Greedy gits or men looking out for their families? Saudi sportswashers or golfers simply lapping up their good fortune?
As the lavishly paid troupe of more than 30 players head over to the kingdom this week for an event that will be preceded today by the announcement by Greg Norman, the frontman for Saudi golf, of a new International Series — including an event in London at the Centurion Club — it’s clear that a line in the Arabian sand has most emphatically been drawn and it’s time to take sides.
In an excellent Sky Sports Golf podcast, commentators Jamie Spence and Robert Lee leave no one in any doubt as to where they stand. In no uncertain terms, they get stuck in to the renegades taking the Saudi shilling.
Sergio Garcia urged the tours to think about his family after they tried to block his Saudi trip
If those considering lucrative offers to sign up for a Saudi tour think there will be no damage to their legacy, they should listen to this pair of wise old heads. Spence is an ex-chairman of the European Tour’s players committee, while Lee is a long-standing member of the board.
They absolutely skewer the risible comments of Sergio Garcia (right) last week, saying the PGA and DP World Tours ‘need to understand what it means for our families’. Not to mention a point Rory McIlroy put to me: ‘What would you do if another newspaper came along and offered to double your salary? These guys are in a difficult position.’
Let Spence explain why they are not remotely in a difficult position. ‘This is all about money and yet they’re all sitting on astronomical pension pots on the PGA Tour on top of all the lucre they’ve got. ‘This idea that they’re looking after their families, they’ve already got life-changing money in their bank accounts right now. It’s not like a person doing a normal job with a chance to double their money.
‘Who can turn it down, they argue. Well I would, in their shoes. I’ve been to Saudi and I’ve got to say I didn’t feel comfortable. I felt morally corrupted.
Rory McIlroy admitted it was hard for players to turn down the lucrative appearance fees
‘What’s happening with the Saudis, I liken it to eating from a dessert trolley filled with all the cakes you could desire, and then someone comes along with another trolley filled with a chocolate cake and, even though you’re full, you still can’t resist. Well, time to decide which trolley, guys. You can’t have both.’
Lee added: ‘The current golf ecosystem works so well, it’s made so many people fabulously wealthy and good luck to them. But I don’t see why you’d want to wreck that as a player.
‘This is clearly an outside threat. There should be solidarity. They shouldn’t be going there. This potentially could put a stake through the heart of the game if it grows.’
Spence believes there will be plenty of conversations between the Saudis and the rebels this week over what comes next. Both Spence and Lee are adamant that players can’t be allowed to have it every way. ‘It’s clear there’s not going to be any collaboration between the Saudis and the regular tours going forward, so you have to pick a side,’ insisted Lee.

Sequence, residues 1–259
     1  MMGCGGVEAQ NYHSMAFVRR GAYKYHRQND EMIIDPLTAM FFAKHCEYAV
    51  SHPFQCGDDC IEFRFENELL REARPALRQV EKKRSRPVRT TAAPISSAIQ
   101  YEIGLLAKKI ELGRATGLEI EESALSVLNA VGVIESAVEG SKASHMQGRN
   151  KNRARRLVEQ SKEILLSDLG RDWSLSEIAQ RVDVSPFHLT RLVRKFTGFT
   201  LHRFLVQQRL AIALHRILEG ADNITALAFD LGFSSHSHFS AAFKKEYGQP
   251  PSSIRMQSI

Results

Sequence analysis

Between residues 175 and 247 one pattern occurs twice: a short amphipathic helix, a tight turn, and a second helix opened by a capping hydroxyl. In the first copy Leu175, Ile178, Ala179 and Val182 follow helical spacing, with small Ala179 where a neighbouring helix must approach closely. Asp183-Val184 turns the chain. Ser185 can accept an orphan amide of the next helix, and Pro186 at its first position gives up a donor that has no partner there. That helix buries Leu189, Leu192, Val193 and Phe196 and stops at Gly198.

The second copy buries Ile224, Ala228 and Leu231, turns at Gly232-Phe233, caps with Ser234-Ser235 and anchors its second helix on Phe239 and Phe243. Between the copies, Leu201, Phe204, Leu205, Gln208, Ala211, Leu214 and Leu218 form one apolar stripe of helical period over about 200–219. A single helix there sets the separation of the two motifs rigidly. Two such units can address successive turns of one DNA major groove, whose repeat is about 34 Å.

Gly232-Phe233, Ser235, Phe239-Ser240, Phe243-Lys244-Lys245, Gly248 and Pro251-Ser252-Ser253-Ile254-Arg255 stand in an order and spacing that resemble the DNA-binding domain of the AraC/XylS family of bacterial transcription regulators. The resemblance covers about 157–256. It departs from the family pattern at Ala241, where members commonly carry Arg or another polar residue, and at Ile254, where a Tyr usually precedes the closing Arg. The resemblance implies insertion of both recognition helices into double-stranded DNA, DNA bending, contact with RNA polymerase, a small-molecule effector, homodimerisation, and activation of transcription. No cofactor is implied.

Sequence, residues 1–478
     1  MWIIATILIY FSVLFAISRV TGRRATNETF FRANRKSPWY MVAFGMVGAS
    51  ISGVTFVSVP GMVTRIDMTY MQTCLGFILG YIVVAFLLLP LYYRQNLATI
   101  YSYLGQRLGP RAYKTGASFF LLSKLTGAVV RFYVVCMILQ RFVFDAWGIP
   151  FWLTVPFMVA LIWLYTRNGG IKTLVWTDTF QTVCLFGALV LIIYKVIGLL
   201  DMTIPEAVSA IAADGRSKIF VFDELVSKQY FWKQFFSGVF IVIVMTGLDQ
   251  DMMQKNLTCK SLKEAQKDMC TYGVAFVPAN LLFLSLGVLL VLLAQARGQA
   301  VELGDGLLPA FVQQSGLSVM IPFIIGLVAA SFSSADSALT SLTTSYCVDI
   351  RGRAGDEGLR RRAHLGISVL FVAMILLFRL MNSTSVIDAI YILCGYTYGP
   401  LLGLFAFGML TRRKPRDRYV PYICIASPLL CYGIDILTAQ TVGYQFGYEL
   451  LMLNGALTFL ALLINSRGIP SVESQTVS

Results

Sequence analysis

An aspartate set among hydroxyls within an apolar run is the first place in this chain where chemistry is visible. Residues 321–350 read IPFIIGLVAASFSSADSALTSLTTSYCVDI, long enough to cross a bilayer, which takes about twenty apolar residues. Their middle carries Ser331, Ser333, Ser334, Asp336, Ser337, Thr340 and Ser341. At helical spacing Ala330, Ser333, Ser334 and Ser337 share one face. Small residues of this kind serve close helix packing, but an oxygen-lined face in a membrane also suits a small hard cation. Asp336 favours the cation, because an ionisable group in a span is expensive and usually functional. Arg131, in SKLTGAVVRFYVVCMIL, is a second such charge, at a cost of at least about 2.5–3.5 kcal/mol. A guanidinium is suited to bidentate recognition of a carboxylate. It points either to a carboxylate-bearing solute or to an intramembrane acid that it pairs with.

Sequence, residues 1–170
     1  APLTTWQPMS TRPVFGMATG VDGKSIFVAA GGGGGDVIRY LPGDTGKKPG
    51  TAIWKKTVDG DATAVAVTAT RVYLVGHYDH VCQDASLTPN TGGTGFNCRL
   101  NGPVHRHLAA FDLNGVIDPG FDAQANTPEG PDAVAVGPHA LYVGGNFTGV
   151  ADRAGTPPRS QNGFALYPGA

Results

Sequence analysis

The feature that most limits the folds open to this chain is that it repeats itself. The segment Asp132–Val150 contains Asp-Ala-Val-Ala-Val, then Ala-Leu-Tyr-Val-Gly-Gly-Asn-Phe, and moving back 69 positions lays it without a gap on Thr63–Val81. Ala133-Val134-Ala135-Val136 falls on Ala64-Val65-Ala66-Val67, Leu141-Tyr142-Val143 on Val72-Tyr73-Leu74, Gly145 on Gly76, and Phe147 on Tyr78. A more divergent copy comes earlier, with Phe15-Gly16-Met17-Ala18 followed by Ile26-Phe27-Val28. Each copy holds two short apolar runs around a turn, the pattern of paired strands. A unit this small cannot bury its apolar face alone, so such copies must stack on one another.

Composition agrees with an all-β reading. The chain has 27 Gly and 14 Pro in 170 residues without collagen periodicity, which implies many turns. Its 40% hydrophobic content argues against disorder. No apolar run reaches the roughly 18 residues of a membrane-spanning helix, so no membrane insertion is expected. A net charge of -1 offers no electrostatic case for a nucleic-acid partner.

Jamie Spence (left) is an ex-chairman of the European Tour’s players committee
The conversation between the pair was the most compelling discussion I’ve heard on golf in a while, and they’re right. This obsession with money will just turn people off, if it hasn’t done already.
On the European Tour over the last two weeks they’ve been playing for a first prize of £1million. On the PGA Tour, they just keep adding more and more to the pot. The Players Championship this year will have total prize money of $20m. And still it is not enough.
Garcia, the man who wants the tours to think about his family, has career earnings of £70m, sponsorship deals over the years of at least that amount and a PGA Tour pension pot running into tens of millions.
Much more of this and professional golf is surely heading for a fall. You’d think it would be hard to cock things up given the rude state of the current game but some appear determined to try.
Nothing stimulates interest like glory… and nothing curdles it like greed.
Rai reaps rewards for leaving comfort zone
If you’re wondering what happened to Englishman Aaron Rai, who won the Scottish Open in 2020, he’s trying to make it on the PGA Tour the hard way.
First port of call was the subsidiary Korn Ferry Tour, where the 26-year-old Midlander finished in the top 50 at season’s end to earn his precious card.
Aaron Rai claimed a top six finish in the Farmers Insurance Open in California on Saturday
The trick to keeping it is a good start, so you’re not behind the eight ball and under all sorts of pressure come the summer.
Rai has certainly done that, notching a top six in the Farmers Insurance Open in California on Saturday for his third top-16 finish already for 47th place in the FedEx Cup (the top 125 keep their privileges).
It looks like his decision to forego a comfortable life in Europe is paying off.